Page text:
Summit Hill considers solar panel regulations
Joe Weber, president of the Summit Hill Borough Council, hasn't named his committees for 2010 yet.
One which will become busy immediately will be the ordinance committee, with two pending issues discussed during the council's first meeting of the year.
Larry Marek, zoning officer, suggested that the council adopt rules regarding solar panels. He said currently, if an individual invests in solar panels, there's nothing to stop a neighbor from planting tall trees and blocking the sunlight.
Chief of Police Joe Fittos urged council members to review its snow emergency ordinance and make it "more user friendly."
Weber said he will have a list of committees at next month's council meeting, which will be held Feb. 9 in the borough hall.
Marek said the council should look into adopting an ordinance regarding solar panels as soon as possible since the panels are now sold at such home improvement stores as Lowes.
"We have no ordinance concerning solar power," he said. He presented the council with a sample ordinance.
Marek said there is currently nothing to stop a developer from constructing a tall building next to a home where the owner invested in solar panels, blocking the sunlight for much of the day.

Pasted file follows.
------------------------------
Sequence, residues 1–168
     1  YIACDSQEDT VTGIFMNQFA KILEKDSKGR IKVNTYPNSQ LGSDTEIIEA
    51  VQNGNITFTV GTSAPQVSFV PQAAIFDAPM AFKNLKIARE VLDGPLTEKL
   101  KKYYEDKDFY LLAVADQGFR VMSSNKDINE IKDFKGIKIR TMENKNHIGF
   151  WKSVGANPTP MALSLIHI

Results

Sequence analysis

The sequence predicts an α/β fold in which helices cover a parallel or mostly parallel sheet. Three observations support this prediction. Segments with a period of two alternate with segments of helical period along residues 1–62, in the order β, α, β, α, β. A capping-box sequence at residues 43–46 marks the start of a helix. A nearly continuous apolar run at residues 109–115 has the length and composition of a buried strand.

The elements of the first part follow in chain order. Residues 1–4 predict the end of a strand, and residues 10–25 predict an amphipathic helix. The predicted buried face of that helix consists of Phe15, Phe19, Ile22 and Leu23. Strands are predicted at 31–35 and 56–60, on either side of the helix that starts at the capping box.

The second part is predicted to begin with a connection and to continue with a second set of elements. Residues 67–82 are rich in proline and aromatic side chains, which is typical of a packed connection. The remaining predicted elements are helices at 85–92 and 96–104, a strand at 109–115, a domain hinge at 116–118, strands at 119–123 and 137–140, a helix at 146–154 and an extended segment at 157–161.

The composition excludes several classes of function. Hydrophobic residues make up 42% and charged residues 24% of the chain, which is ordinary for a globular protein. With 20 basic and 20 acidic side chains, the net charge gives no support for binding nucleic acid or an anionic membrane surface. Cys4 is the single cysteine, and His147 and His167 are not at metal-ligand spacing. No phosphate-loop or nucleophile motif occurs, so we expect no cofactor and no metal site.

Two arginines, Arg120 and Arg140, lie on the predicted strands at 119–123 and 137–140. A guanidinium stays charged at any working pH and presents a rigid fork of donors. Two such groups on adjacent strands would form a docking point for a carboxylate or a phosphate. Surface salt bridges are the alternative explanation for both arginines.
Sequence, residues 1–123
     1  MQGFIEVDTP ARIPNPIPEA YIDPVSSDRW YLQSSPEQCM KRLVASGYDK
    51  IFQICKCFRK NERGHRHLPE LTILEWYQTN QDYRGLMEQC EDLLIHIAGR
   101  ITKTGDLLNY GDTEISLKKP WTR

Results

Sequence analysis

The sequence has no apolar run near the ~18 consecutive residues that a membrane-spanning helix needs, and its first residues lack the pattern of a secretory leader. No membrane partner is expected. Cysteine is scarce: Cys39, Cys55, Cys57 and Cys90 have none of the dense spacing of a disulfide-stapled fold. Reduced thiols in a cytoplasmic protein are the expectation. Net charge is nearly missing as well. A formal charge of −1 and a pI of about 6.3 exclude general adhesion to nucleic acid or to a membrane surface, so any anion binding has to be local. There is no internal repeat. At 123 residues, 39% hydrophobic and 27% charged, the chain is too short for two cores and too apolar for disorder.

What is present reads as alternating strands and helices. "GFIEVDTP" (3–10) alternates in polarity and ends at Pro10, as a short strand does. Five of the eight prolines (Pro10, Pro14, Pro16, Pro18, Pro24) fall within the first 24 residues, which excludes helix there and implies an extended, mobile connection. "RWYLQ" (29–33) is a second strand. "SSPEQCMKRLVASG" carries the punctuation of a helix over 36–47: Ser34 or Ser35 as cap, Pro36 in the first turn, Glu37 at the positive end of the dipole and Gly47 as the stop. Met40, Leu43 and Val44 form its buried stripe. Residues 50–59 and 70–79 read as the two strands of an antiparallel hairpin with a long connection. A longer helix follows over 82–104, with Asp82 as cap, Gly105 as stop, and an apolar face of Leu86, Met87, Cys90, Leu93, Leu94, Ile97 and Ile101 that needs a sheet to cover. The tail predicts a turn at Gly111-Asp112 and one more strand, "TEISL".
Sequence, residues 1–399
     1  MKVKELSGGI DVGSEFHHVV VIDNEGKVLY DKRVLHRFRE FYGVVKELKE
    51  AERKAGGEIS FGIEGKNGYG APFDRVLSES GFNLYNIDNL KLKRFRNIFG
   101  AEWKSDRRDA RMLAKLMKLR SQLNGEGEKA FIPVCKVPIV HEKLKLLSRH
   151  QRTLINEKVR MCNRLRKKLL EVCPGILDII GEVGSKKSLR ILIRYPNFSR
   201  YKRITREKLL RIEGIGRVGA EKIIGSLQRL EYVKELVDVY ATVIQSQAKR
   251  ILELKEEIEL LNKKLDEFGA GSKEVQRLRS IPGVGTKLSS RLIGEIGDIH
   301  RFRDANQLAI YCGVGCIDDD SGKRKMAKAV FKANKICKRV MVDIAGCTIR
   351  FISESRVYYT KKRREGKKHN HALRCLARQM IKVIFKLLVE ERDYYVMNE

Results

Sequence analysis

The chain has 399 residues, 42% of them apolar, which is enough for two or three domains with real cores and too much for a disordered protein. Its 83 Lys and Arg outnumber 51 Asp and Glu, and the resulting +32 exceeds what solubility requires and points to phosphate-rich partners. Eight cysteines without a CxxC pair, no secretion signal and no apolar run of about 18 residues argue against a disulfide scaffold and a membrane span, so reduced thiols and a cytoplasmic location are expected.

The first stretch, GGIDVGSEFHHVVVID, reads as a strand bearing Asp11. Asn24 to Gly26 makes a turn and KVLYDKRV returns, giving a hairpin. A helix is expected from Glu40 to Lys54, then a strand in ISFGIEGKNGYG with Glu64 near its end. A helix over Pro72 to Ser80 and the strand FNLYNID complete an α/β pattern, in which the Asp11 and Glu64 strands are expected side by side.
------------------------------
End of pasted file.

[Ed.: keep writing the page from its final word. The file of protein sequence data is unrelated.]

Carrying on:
He presented a magazine article to the council which states, "The more a solar array is exposed to sunlight, the more electricity it will produce, and so they are most effective when unobstructed."
The article also states, "The basic goal of zoning in a borough is to ensure that one property owner's use of his land does not conflict with the rights of other property owners, and carefully crafted zoning ordinances are the means to achieve a sometimes delicate balance."
Of the snow emergency plan, Fittos said the existing one is outdated and that a major storm could create problems.
He said the borough might not have to rewrite the existing ordinance, instead tweaking the existing one.
He asked council to allow him to be included on committee discussions regarding the snow emergency regulations.